The entireties of the disclosures of said co-pending applications Ser. Nos. 105,285 and 107,240 are hereby specifically incorporated herein by reference.
The device 10, in its preferred form, comprises a first holder member or tray 12 for supporting a capture media element assemblage 14 in a position for conduct of an assay procedure. The device 10 also comprises a second holder member or tray 16 for supporting and positioning a swab 18 comprising a stick 20 and an absorbent or porous mass or tip 22, with the latter in a position adjacent the capture elements 24 and 26 which form a part of the assemblage 14. In this connection, and with particular reference to FIG. 1, tray 16 includes structure in the form of parallel guides 38 for maintaining swab 18 in a position where the swab tip 22 is disposed adjacent elements 24 and 26 via an access opening 28 provided in the floor of tray 16.
As can be seen viewing FIG. 2, tray 16 is attached to tray 12 by a flexible hinge 30 which facilitates mounting of tray 16 on tray 12 during the conduct of assay procedures and the opening of the device into the FIG. 2 position so that the capture elements 24 and 26 may readily be visualized upon completion of the test procedures. Trays 16 and 12 are illustrated in their closed positions with tray 16 mounted in its operational position atop tray 12 in FIG. 1 wherein the entire device has been rotated 180° in the horizontal plane relative to the FIG. 2 position so that the tab 33 of tray 12 is located behind the device and is thus hidden from view in FIG. 1.
With reference to FIG. 1, the device 10 also includes a cover member 32. Cover member 32 is attached to tray 16 by another flexible hinge 34 facilitating movement of cover member 32 relative to tray 16 about the axis provided by hinge 34, as can be seen viewing FIG. 1. Cover member 32 includes structure in the form of an abutment 36 positioned for squeezing tip 22 toward capture elements 24 and 26 when cover member 32 swings about the axis of hinge 34 and into its closed and mounted position relative to tray 16. As can be seen viewing FIG. 1, tray 16 is provided with the pair of parallel guides 38, and swab 18 is inserted therein by placing tip 22 as close as possible to the center of access opening 28 and then moving stick 20 downwardly for insertion between guide members 38. Cover member 32 has an elongated slot 40 which provides clearance for stick 20 to allow cover member 32 to be closed, an brought into its closed mounted operating position relative to tray 16.
Tray 16 is provided with a U-shaped dam 42 which essentially encompasses swab tip 22 when the swab 18 is positioned in its operational disposition. In the preferred form of the invention the opposed arms 44 and 46 of dam 42 are tapered downwardly so that the height of dam 42 is less at the distal ends 44A and 46A of arms 44 and 46 than it is at the arm connecting bight portion 48 of dam 42. Cover member 32 is provided with a correspondingly shaped and mating indentation 50 which mates with and surrounds dam 42 when the cover member 42 and tray 16 are in their closed dispositions. Indentation 50 also presents an end wall 5 which cooperates with distal ends 44A and 46A of dam 42 when cover member 32 is in its closed position so that the space in the proximity of tip 22 is completely surrounded by the device when cover member 32 is in its closed position. That is to say, tip 22 is confined within the well 42B bounded by dam 42 and cover 32 when the latter is mounted in its operating position on tray 16, and the only manner in which fluid is able to leave well 42B is through access opening 28.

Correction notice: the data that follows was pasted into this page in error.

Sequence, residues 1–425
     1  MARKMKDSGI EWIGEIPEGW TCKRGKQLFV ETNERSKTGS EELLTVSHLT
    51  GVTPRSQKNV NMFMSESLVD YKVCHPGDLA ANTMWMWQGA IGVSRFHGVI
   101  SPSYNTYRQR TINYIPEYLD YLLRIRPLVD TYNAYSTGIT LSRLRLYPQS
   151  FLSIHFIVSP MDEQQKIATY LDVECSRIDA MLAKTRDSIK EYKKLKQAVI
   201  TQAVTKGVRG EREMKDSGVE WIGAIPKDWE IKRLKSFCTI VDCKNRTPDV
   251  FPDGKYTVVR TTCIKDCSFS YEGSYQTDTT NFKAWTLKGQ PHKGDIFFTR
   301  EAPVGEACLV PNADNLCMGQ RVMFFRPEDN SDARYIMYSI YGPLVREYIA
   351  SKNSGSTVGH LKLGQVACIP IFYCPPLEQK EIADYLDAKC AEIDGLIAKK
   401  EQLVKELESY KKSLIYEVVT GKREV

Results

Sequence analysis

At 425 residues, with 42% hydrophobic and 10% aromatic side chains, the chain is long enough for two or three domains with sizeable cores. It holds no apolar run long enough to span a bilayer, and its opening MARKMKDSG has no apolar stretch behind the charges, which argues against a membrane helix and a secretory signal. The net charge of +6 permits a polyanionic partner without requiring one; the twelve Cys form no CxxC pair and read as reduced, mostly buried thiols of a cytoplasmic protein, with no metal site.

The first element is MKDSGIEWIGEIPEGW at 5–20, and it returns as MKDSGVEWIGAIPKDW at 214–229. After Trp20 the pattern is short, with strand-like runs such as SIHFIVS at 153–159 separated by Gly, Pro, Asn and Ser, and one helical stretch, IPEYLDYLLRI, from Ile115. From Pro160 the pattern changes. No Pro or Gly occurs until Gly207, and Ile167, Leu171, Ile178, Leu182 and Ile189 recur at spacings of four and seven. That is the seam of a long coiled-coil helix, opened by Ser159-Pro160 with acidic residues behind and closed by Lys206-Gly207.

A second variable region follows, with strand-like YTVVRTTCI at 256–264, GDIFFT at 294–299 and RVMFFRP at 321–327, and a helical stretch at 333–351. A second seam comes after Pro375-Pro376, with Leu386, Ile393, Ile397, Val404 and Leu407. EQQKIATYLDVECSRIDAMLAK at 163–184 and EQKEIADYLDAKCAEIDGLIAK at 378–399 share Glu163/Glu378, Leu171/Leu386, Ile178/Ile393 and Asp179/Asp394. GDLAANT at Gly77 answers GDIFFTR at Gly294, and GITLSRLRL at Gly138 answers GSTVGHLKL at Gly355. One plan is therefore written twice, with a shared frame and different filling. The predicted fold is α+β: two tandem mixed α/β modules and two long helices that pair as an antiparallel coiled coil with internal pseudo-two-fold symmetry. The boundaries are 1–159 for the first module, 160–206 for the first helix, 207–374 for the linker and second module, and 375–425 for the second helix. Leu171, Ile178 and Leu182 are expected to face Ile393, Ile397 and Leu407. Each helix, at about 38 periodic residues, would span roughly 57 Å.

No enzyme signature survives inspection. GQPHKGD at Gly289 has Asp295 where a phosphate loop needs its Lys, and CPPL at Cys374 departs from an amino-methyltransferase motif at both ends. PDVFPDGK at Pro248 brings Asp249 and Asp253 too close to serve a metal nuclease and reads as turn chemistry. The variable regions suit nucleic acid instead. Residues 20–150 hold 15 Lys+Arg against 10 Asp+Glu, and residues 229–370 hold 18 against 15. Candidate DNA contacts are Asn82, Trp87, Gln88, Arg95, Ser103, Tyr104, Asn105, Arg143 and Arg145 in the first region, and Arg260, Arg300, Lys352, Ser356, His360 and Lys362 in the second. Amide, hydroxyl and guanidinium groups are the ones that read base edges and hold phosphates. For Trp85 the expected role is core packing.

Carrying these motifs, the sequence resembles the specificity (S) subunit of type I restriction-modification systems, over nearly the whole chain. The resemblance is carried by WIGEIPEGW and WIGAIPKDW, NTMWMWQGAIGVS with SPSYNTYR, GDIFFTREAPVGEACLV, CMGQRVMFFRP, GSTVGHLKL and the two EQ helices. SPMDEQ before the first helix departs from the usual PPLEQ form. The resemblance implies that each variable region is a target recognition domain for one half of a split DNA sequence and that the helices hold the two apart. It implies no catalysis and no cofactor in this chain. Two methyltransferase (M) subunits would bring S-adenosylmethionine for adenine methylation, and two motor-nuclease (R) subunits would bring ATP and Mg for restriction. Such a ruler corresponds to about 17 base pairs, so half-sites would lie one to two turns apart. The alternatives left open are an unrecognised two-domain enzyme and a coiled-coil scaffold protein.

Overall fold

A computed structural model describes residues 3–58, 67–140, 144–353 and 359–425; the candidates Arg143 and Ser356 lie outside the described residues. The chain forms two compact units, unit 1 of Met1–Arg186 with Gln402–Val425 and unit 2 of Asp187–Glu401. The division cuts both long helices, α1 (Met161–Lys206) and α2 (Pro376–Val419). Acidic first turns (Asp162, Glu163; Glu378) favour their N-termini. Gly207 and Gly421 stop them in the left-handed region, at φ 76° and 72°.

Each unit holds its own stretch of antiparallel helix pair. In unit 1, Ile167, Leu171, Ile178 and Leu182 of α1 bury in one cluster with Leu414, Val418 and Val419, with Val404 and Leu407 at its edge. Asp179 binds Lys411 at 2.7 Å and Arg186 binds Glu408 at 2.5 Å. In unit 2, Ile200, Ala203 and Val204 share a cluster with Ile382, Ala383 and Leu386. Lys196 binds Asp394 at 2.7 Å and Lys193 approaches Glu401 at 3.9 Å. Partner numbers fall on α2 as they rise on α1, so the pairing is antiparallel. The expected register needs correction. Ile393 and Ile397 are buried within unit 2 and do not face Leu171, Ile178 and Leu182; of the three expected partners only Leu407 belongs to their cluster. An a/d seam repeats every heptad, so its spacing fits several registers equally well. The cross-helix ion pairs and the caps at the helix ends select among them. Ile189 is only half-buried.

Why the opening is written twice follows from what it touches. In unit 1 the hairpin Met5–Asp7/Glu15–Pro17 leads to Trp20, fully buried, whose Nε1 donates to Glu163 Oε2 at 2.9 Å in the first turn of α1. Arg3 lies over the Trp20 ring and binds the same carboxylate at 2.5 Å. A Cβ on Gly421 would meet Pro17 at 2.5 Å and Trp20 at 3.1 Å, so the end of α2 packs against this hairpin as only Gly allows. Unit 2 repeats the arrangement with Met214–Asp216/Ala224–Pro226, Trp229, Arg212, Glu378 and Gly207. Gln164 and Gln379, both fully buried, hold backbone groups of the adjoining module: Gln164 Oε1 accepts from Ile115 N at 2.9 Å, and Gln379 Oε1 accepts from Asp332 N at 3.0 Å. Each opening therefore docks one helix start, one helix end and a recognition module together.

As can be seen viewing FIG. 2, tray 12 is provided with a dam 12A which serves essentially the same purpose as dam 42 by preventing test fluid from escaping from the well 12B that surrounds assemblage 14 during operation.
A filter member 54 may be disposed in covering relationship relative to access opening 28 as can best be seen in FIG. 2. And when tray 16 is mounted in its operating disposition on top of tray 12, filter element 54 is disposed in covering and essentially directly contacting relationship relative to capture elements 24 and 26.
The capture media element assemblage 14 is illustrated in exploded view in FIG. 3 where it can be seen that assemblage 14 comprises a flow director 56 having holes 58 and 60 therein, capture elements 24 and 26 and an absorbent pad 62.
Tray members 12 and 16 and cover member 32 may be constructed of plastic or glass or any other suitably inert material, and these components may preferably be made by thermal forming from thin sheets of a thermoplastic material such as polystyrene. The only real limitation on the materials of construction for device 10 being that the same must be inert to the reactants and reaction products.
Hinges 34 and 30 may preferably be constructed of an adhesive backed plastic strip (adhesive tape) which is thin enough to provide the necessary flexibility and yet strong enough to permit handling and operation in accordance with the desired operational sequences. Such materials are well known.